Human acetyl-CoA carboxylase 2 expressed in silkworm Bombyx mori exhibits posttranslational biotinylation and phosphorylation

In Wook Hwang, Yu Makishima, Tatsuya Kato, Sungjo Park, Andre Terzic, Enoch Y. Park

Research output: Contribution to journalArticlepeer-review

6 Scopus citations

Abstract

Biotin-dependent human acetyl-CoA carboxylases (ACCs) are integral in homeostatic lipid metabolism. By securing posttranslational biotinylation, ACCs perform coordinated catalytic functions allosterically regulated by phosphorylation/dephosphorylation and citrate. The production of authentic recombinant ACCs is heeded to provide a reliable tool for molecular studies and drug discovery. Here, we examined whether the human ACC2 (hACC2), an isoform of ACC produced using the silkworm BmNPV bacmid system, is equipped with proper posttranslational modifications to carry out catalytic functions as the silkworm harbors an inherent posttranslational modification machinery. Purified hACC2 possessed genuine biotinylation capacity probed by biotin-specific streptavidin and biotin antibodies. In addition, phosphorylated hACC2 displayed limited catalytic activity whereas dephosphorylated hACC2 revealed an enhanced enzymatic activity. Moreover, hACC2 polymerization, analyzed by native page gel analysis and atomic force microscopy imaging, was allosterically regulated by citrate and the phosphorylation/dephosphorylation modulated citrate-induced hACC2 polymerization process. Thus, the silkworm BmNPV bacmid system provides a reliable eukaryotic protein production platform for structural and functional analysis and therapeutic drug discovery applications implementing suitable posttranslational biotinylation and phosphorylation.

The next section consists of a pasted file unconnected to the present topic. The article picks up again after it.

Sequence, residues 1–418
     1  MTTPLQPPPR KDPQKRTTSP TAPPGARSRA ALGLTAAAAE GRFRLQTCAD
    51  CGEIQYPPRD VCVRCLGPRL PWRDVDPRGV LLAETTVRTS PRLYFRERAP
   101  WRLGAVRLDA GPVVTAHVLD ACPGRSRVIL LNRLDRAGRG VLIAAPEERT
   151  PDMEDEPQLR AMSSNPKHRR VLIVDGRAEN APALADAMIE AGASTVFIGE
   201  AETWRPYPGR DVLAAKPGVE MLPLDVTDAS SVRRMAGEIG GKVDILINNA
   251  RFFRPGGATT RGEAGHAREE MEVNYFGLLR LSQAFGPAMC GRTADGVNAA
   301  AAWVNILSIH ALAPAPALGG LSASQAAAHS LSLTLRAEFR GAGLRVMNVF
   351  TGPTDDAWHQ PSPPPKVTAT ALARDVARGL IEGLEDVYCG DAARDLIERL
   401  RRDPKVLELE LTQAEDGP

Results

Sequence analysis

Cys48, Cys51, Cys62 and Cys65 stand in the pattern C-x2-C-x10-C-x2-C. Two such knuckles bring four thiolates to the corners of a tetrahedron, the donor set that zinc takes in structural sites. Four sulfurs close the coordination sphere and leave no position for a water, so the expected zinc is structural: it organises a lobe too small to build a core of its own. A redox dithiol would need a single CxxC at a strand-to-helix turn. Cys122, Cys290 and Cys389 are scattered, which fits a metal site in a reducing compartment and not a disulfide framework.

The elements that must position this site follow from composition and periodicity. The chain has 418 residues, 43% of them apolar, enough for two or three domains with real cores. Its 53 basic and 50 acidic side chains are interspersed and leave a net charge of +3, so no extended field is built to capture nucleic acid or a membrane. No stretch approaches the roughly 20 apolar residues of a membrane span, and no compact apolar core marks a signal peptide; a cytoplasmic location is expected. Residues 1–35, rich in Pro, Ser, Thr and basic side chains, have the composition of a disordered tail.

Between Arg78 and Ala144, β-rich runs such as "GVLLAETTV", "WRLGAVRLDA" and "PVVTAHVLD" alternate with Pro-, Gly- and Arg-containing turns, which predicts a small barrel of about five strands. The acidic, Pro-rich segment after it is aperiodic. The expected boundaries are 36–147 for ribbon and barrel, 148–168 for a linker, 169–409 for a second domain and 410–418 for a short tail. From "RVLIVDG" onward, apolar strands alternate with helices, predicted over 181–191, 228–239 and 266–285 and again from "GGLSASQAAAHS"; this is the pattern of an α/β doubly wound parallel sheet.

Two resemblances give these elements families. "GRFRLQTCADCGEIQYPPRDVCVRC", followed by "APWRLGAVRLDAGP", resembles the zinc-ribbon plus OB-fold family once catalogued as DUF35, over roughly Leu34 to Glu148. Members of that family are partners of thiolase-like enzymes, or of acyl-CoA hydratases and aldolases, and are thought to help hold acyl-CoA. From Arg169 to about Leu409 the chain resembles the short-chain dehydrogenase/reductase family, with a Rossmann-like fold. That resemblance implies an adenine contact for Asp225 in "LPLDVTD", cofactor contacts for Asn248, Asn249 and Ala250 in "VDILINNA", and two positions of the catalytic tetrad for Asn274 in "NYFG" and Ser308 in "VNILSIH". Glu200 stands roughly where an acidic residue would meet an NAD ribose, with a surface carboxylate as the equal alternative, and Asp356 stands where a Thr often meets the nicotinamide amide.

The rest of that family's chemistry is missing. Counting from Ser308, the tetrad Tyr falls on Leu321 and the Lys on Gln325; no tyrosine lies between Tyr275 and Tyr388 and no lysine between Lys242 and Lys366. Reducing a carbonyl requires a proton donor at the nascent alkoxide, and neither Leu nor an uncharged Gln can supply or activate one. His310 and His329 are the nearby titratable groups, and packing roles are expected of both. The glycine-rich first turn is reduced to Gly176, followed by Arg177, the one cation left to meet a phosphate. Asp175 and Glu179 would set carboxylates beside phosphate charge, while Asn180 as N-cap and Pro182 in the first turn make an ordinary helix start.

Original languageEnglish (US)
Pages (from-to)8201-8209
Number of pages9
JournalApplied Microbiology and Biotechnology
Volume98
Issue number19
DOIs
StatePublished - Oct 2014

Keywords

  • Bombyx mori nucleopolyhedrovirus
  • Human acetyl-CoA carboxylase 2 (hACC2)
  • Lipid metabolism
  • Phosphorylation/dephosphorylation
  • Silkworm

ASJC Scopus subject areas

  • Biotechnology
  • Applied Microbiology and Biotechnology

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